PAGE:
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Rev. James K. Ewer , Company 3, Third Mass. Cav., Roster of the Third Massachusetts Cavalry Regiment in the war for the Union, Company L. (search)
. Disch. June 13, 265. Charles Arndel, en. New Orleans, La. June 2, 1862. Disch. disa. Jan. 18, 1864. Charles O. Atkinson, Lynn, 21, s; printer. Dec. 27, 1861. Disch. disa. Jan. 11, 1862. John F. Bailey, Amesbury,29, s; mechanic. Nov. 8, 1861. Disch. disa. Dec. 5, 1862. Orin A. Bailey, en. Greenfield. Cr. New Salem, 24; farmer. Dec. 30, 1864. Disch. Aug. 2, 1865. Oliver Bamish, en. Greenfield, Cr. Deerfield, 20; farmer. Jan. 2, 1865. M. O. Sept. 28, 1865. William J. B. Boston, Cr. Dorchester, 24; japanner. Jan. 2, 1865. Deserted July 29, 1865, Mount Pleasant, Kan. Charles Foster, en. Boston, Cr. Templeton, 21; barber. Dec. 31, 1864. M. O. Sept. 28, 1865. Dudley E. Gale, Salisbury, 17, s; hatter. Nov. 8, 1861. Disch. Nov. 14, 1864. James E. Gallagher, Chelsea, 18, s; painter. Nov. 19, 1861. M. O. Dec. 27, 1864. Bernard Garrity, en. Boston, Cr. Quincy, 31; laborer. Dec. 31, 1864. M. O. Sept. 28, 1865. Jacob Gengnagle, en. New Orleans.
Rev. James K. Ewer , Company 3, Third Mass. Cav., Roster of the Third Massachusetts Cavalry Regiment in the war for the Union, Company M. (search)
ghton, 19, s; laborer. Dec. 31, 1864. M. O. Sept. 28, 1865. Patrick Flannigan, Lowell, 35, in; laborer. Nov. 1. 1861. Disch. disa. March. 1863, Brashear City, La. Timothy Hennesey, Newton, 21, s; varnisher. Dec. 30, 1864. M. O. Sept. 28, 1865. William Hiland, Boston, 22, s; hostler. Dec. 2, 1861. Disch. disa. June, 1862, George W. A. Hill, en. N. Brookfield, Cr. Worcester, 24, s; shoemaker. Dec. 31, 1864. M. O. Sept. 28, 1865. Peter Holden, Lowell, 22, m; laborer. Nov. 8, 1861. Re-en. Feb. 19, 1864. Deserted, Aug. 28, 1864. Patrick Hollihan, Lowell, 23, in; laborer. Nov. 4, 1861. Died June, 1862. Samuel Hopkins, Lowell, 20, s; machinist. Nov. 7, 1861. Disch. disa. Jan. 18. 1864. Stephen Howard Shirley, 40, m; farmer. Nov. 25, 1861. Died June, 1863, Brashear City, La. Robert hunter, Eastport, Me. 22. s; painter, Nov. 19, 1861. Disch. disa. Aug. 29, 1863, Port Hudson, La. Joseph Jacob, en. New Orleans, La. May 16, 1862. Disch. disa. Jan
Rev. James K. Ewer , Company 3, Third Mass. Cav., Roster of the Third Massachusetts Cavalry Regiment in the war for the Union, Read's Company. (search)
imothy Crough, en. New Orleans, Aug. 21, 1862. Disch. disa. from wounds March 28, 1864. William Davis, Bristol, Me., 21, s; sailor. Nov. 15, 1861. Reported on M. O. roll as absent, sick, Nov. 26, 1864. James M. Doty, Wareham, 23, s; nailer. Oct. 7, 1861. Wounded Sept. 19, 1864. M. O. Nov. 26, 1864. John Downey, Brooklyn, N. Y., 26, m; barber. Nov. 15, 1861, Disch. by sentence of General Court MartiRl, April 14, 1862. Unof. James F. Dresser, Stockbridge, 19, s; clerk. Nov. 8, 1861. M. O. Nov. 26, 1864. William H. dresser, Stockbridge, 19, s; farmer. Nov. 27, 1861 M. O. Nov. 26, 1864. John C. Farrar, Buckfield, Me. 21, s; farmer. Oct. 26, 1861. Disch. disa. June, 15, 1862, New Orleans. Lewis Finney, Middleboro, 24, m; shoemaker. Dec. 6, 1861. Disch, and commissioned in 42nd Regt. U. S. C. Inf. 1st Lieut. March, 1864. Charles Fisher, en. New Orleans, May 12, 1862. Died April 14, 1864, New Orleans. Frank E. Flagg, Framingham, 22, s; piano-maker.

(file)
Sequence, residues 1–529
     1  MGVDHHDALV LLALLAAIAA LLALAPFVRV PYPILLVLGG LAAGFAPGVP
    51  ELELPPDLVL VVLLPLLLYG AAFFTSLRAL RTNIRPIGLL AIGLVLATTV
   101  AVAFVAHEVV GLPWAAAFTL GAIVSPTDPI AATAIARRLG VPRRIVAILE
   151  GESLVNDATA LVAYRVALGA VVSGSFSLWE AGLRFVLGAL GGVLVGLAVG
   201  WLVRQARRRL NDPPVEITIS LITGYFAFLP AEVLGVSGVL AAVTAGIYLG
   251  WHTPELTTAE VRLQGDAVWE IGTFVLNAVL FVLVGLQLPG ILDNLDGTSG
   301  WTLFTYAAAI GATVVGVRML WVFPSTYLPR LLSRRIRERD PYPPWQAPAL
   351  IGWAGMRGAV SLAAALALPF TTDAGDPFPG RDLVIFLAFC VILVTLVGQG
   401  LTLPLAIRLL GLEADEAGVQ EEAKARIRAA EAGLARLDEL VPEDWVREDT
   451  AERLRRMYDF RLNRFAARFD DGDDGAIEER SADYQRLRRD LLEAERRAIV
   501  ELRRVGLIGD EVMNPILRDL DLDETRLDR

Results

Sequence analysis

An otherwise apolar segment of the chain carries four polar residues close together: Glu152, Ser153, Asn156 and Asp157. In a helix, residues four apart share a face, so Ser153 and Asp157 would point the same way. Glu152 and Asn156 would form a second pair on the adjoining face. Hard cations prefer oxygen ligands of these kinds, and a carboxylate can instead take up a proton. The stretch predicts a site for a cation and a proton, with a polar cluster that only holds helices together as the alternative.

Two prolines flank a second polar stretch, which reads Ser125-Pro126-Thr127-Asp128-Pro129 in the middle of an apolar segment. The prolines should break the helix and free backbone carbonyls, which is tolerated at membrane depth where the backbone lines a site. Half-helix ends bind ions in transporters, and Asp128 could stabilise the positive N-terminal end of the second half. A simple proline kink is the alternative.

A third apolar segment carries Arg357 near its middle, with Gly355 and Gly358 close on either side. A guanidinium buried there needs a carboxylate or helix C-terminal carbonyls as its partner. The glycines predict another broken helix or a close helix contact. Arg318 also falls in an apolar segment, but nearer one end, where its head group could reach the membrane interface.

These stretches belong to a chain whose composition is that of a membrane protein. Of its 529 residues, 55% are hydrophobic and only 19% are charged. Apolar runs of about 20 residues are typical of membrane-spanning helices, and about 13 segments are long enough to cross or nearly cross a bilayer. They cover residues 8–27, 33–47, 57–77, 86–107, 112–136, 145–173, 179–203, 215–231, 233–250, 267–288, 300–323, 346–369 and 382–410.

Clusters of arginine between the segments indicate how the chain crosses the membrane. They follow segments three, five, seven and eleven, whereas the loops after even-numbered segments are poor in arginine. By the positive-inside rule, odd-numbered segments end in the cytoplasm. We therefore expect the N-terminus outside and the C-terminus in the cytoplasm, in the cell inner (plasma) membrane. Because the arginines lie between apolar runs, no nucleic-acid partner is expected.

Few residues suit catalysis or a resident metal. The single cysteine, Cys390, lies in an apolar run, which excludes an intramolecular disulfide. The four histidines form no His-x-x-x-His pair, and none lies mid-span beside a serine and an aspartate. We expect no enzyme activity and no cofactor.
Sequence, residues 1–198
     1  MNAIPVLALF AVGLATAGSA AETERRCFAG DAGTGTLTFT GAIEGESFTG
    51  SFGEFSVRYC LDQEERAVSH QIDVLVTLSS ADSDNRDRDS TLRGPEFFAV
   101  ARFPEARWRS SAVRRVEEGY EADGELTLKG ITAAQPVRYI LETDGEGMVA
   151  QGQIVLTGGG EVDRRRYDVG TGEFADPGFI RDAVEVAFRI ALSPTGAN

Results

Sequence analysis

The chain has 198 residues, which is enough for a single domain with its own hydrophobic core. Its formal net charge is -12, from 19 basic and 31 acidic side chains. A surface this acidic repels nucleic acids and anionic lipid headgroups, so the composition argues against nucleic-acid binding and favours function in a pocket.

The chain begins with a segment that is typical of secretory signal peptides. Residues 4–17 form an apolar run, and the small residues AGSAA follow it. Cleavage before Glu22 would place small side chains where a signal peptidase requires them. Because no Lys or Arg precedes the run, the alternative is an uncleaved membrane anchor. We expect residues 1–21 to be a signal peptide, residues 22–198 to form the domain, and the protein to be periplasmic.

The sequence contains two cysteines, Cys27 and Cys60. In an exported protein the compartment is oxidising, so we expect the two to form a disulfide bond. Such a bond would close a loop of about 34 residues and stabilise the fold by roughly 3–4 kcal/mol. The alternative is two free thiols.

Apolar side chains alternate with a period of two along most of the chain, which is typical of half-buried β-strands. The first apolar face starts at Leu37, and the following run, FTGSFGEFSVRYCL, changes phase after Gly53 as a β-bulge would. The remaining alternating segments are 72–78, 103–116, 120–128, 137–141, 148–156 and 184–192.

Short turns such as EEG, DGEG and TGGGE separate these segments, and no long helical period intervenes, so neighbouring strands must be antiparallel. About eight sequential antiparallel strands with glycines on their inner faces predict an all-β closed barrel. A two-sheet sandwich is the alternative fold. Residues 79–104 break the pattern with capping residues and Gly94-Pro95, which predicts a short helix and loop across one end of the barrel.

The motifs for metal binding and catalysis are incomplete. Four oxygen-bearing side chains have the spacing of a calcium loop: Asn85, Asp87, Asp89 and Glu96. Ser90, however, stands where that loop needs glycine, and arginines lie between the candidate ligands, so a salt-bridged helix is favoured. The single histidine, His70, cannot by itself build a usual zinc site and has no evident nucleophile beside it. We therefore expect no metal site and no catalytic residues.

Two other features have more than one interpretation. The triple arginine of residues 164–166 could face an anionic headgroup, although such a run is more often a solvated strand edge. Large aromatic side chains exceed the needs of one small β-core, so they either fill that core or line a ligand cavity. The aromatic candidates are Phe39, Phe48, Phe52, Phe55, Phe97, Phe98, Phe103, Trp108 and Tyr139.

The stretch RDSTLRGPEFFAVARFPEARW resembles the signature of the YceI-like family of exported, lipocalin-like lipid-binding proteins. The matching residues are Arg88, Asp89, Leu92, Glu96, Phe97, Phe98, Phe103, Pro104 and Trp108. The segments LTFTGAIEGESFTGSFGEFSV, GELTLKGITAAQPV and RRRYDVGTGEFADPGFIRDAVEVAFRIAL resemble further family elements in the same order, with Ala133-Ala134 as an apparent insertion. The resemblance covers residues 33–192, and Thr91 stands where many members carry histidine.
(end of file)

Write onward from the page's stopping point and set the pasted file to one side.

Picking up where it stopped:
Brig.-Gen. Bradley T. Johnson, Confederate Military History, a library of Confederate States Military History: Volume 2.1, Maryland (ed. Clement Anselm Evans), Chapter 8: Maryland under Federal military power. (search)
garrison the polls, and see that no disunionists are allowed to intimidate them, or in any way interfere with their rights. Also to arrest all persons who have recently returned from Virginia and who show themselves at the polls. General Dix, governing in Baltimore, directed the United States marshal and the provost marshal to arrest all disloyal persons and to hold them securely. Col. John W. Geary, of the Twenty-eighth Pennsylvania regiment, reported from Point of Rocks, Maryland, November 8, 1861, to Capt. R. Morris Copeland, assistant adjutant-general on Banks' staff: Previous to the election a number of enemies to the Union in this State preliminated schemes for disturbing the peace of the various precincts. I had several of the most prominent actors in this, among whom was a candidate for senator, arrested before election and held until to-day. I had detailments from various companies of my regiment, with proper officers, stationed in Sandy Hook, Petersville, Jefferso
Col. J. Stoddard Johnston, Confederate Military History, a library of Confederate States Military History: Volume 9.1, Kentucky (ed. Clement Anselm Evans), Chapter 20: (search)
tucky infantry: Henry C. Burnett, Colonel, November 11, 1861—H. B. Lyon, Colonel, February 13, 1862—A. R. Shacklett, Lieutenant-Colonel —Jabez Bingham, Major—R. W. Henry, Major. Ninth Regiment Kentucky infantry: Thomas H. Hunt, Colonel, October 3, 1861—J. W. Caldwell, Lieutenant-Colonel, May 15, 1862, Colonel—J. C. Wickliffe, Major, May 15, 1862, Lieutenant-Colonel—Alexander Casseday, Lieutenant-Colonel—Ben Desha, Major. Graves' Battery Kentucky artillery: Rice E. Graves, Captain, November 8, 1861; Major. Lyon's and Cobb's Battery Kentucky artillery: H. B. Lyon, Captain, September 30, 1861—Robert L. Cobb, Captain, December 15, 1861; Major—Frank P. Gracey, Captain. Corbett's Battery Kentucky artillery: C. C. Corbett. Cumberland artillery, Kentucky: Henry D. Green, Captain—W. H. Hedden, Captain. First Regiment Kentucky cavalry: Ben Hardin Helm, Colonel, October, 1861, first organization—J. Russell Butler, Colonel, September 2, 1862, second organization—